Book review: The River by Peter Heller
The River - Peter Heller
Without even having to read the biographical information, you can tell that Peter Heller has experience of outdoor activities: climbing, canoeing, fishing, camping, surviving in the wilds. It's not just that a love for nature that comes through in the writing, but an understanding of its rhythms, a respect for its power, its danger. That was evident in his most successful book to date The Dog Stars, a wonderfully refreshing humanist addition to the otherwise quite pessimistic post-apocalypse genre, focussing as it did on a Hemingway-esque exploration of man and nature, people in their surroundings, surviving, alert to danger; danger coming most often from other people.
You get a sense of similar unease very quickly in Heller's latest book, The River. Two friends, Jack and Wynn are on a canoeing trip along a Canadian river through a series of lakes that takes them out into Hudson Bay. The two young men share a love for the outdoor life, for self-sufficiency, but perhaps also because of some traumatic family experiences in their pasts they enjoy the remoteness from civilisation, a little pleasure that is increasingly hard to find. As such they haven't taken any phones with them. If anything happens, they're going to have to deal with it through their own initiative and skill. So there's an undercurrent there.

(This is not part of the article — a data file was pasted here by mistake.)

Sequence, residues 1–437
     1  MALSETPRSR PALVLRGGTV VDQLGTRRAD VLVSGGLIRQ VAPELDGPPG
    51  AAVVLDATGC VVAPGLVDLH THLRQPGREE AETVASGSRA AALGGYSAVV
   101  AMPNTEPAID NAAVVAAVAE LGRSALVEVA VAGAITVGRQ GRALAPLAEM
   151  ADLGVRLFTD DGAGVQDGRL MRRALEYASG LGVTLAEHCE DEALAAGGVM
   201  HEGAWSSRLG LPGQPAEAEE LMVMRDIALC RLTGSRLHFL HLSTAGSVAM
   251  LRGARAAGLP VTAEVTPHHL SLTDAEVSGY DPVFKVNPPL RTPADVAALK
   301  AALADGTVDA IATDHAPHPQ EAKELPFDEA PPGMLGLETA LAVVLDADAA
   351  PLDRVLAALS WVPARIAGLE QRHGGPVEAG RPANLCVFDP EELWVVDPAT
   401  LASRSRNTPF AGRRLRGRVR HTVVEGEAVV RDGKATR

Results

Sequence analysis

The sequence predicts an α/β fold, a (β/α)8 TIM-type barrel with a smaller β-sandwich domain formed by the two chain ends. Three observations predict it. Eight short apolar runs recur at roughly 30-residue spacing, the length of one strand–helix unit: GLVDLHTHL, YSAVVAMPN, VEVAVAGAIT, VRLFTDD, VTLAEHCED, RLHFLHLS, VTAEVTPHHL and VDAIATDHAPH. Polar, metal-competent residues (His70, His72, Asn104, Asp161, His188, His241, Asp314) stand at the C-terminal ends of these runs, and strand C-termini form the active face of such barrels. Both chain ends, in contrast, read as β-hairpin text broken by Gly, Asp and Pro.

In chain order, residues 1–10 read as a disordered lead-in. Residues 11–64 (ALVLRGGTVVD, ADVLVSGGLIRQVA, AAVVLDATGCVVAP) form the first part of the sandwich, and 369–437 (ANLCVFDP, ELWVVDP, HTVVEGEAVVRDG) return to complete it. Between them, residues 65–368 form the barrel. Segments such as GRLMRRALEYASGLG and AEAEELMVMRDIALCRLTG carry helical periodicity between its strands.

What is of immediate concern however is a large forest fire that is heading their way and could be with them in days, meaning that they have to get to a safe place, and the middle of a river, you might be surprised to discover, will not protect you from the flying embers and heat of a raging inferno that can jump from one shore to another. There's a different kind of unease however that Jack and Wynn experience however as they head for safety, an unease that comes with their encounters with a few other adventurers out on the river who they feel they ought to warn of the coming danger; a couple of loud-mouth drunks and a man and a woman who they don't see but can hear having a fight in a nearby camp.
Jack and Wynn don't hang around. They have developed a sense of where their might be trouble and are experienced and cautious canoeists. And trouble comes, but not from the wild. Or at least not initially, as that will inevitably be a problem they will encounter down the line. Heller knows the dangers out there in the wild and how quickly even a carefully managed expedition can spin out of control.
In a number of different ways The River then becomes a thriller, the two young men having to deal with a very human threat without truly understanding the nature of it, having to adapt and react quickly, the danger heightened and made all the more uncertain by the conditions of their environment. Being cut off from the rest of the world isn't just the usual crime twist, it's a vital component of Heller's exploration of how man reacts to life and death circumstances without having that safety net to fall back on, where one false move or one mistake can be fatal.
What Heller manages to do successfully in The River is bring all these elements together in a way that they feed into one another, informing and deepening the drama. The crime thriller element is fast moving and suspenseful, the looming threat of natural disaster on an incomprehensible scale adds another edge, but there's also time within this for the boys to reflect on their own lives, on troubles that they carry with them that could have a bearing on how they react to the immediate situation. Nature takes many forms, and it's not just the great wilds that Heller writes about so well, but the factors of life and nature that make us human; our relationships with families, friends and other people.